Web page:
Swimming Pool Face-Off: Salt Water v. Chlorine

So you’re considering taking the plunge (har, har!) and installing an at-home swimming pool. When it comes to the water, you have two choices: salt water or chlorine. We’ve rounded up a few tips to help you decide what’s best, so grab your goggles and water wings and read on!
Pools ChlorineVSaltwater Swimming Pool Face Off: Salt Water v. Chlorine
Salt water Systems
*At-home ocean. Who needs a beach vacation if you have a salt water swimming pool? You get an ocean-like feel without crowded beaches or pricey airfare.
*More comfortable. Salt water systems create water that is much easier on the skin. You probably won’t experience red eyes or itchy skin as you would in chlorinated water, which is a great benefit if you and your family will be spending lots of time in the pool.
*Saves time and money. Although salt water systems may be initially more expensive than chlorine, they’re cheaper to maintain over the long-term. They’re also less time-consuming to maintain, giving you more time to enjoy the pool!
*Less sanitation. A drawback of salt water? It maintains a higher pH than chlorinated water, and above a certain pH, will not sanitize items that come in contact with the water. This isn’t a deal-breaker, however; you’ll just need to monitor the water’s salinity and pH and clean as necessary.


Chlorine
*Easy to operate. Chlorinated pools remain the most popular, which means they’ve evolved to include easy-to-operate systems that make pool maintenance less of a chore.
*Prohibits bacteria. Chlorinated pools will likely inhibit more bacteria growth than their salt water counterparts. Plus, cleaning chlorinated water is much faster–24-48 hours, compared to 3-5 days with salt water.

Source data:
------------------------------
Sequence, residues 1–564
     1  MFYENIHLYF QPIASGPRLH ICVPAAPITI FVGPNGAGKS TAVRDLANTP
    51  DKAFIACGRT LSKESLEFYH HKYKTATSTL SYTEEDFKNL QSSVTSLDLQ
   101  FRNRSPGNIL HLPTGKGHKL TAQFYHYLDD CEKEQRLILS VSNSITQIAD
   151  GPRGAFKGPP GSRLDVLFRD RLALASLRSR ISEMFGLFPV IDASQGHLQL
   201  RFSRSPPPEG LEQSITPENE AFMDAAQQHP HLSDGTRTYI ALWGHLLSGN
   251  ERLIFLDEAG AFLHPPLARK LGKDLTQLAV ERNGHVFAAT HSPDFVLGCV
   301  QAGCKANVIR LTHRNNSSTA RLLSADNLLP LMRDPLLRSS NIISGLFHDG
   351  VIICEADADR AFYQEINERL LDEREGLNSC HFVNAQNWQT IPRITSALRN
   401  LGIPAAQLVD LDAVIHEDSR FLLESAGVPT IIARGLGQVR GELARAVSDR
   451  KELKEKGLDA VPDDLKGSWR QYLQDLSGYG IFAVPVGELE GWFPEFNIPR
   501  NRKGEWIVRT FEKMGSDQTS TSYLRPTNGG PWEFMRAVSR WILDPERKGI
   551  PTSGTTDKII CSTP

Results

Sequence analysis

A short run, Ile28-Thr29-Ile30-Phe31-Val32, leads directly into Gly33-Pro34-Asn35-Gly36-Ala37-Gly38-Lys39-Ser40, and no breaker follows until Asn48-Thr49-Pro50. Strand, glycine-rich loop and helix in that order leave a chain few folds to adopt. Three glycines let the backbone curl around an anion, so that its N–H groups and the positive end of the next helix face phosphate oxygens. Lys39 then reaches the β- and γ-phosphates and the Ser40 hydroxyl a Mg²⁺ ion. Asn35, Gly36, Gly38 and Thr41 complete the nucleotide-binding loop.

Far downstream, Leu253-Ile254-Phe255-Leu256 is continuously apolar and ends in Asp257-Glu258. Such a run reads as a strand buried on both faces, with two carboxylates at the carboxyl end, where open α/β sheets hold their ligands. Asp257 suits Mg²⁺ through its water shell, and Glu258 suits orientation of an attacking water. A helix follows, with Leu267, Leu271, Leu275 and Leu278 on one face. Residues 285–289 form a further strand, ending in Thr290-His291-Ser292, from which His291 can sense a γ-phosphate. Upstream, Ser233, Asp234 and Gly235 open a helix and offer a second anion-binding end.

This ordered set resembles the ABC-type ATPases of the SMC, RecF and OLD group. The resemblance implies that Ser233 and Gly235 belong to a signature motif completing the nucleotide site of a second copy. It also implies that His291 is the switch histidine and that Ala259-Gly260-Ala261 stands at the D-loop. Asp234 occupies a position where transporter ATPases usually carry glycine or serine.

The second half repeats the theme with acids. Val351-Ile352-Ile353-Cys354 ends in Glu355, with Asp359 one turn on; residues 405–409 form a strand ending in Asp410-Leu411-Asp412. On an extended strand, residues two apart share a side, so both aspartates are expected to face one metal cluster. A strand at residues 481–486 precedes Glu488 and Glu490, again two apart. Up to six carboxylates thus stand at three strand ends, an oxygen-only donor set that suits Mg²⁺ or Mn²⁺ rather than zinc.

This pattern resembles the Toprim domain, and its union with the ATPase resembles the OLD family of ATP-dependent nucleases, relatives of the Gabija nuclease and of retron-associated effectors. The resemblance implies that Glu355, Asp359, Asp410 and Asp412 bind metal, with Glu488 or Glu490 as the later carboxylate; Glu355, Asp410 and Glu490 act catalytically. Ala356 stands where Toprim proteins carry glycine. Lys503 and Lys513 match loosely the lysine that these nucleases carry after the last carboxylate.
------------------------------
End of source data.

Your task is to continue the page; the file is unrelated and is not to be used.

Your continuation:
*Outside effects. Several factors can affect the water’s chlorination, including rainfall, backwash and water evaporation. You may spend more time monitoring your water’s chlorine content if you experience these conditions. You might also find yourself purchasing more chlorine to keep the water in prime condition, which will increase your maintenance costs.
*Cost. Maintaining a chlorinated pool will likely cost $50-60/month, while a salt water pool will probably cost $20-30 for the entire season.
We’ll let you make the final decision. And if you have a pool, we’d love to know if you use a salt water or chlorine system.
Photo: Flickr.com/shiroibasketshoes

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katy schamberger1 Swimming Pool Face Off: Salt Water v. Chlorine
Katy Schamberger is a Kansas City-based freelance writer, editor, blogger and author who weaves experience as a journalist, magazine editor and Chief Content Officer to create compelling, engaging copy that informs, entertains and inspires action. Oh, and she likes to take photos, too, especially of architecture, food and cocktails. Welcome!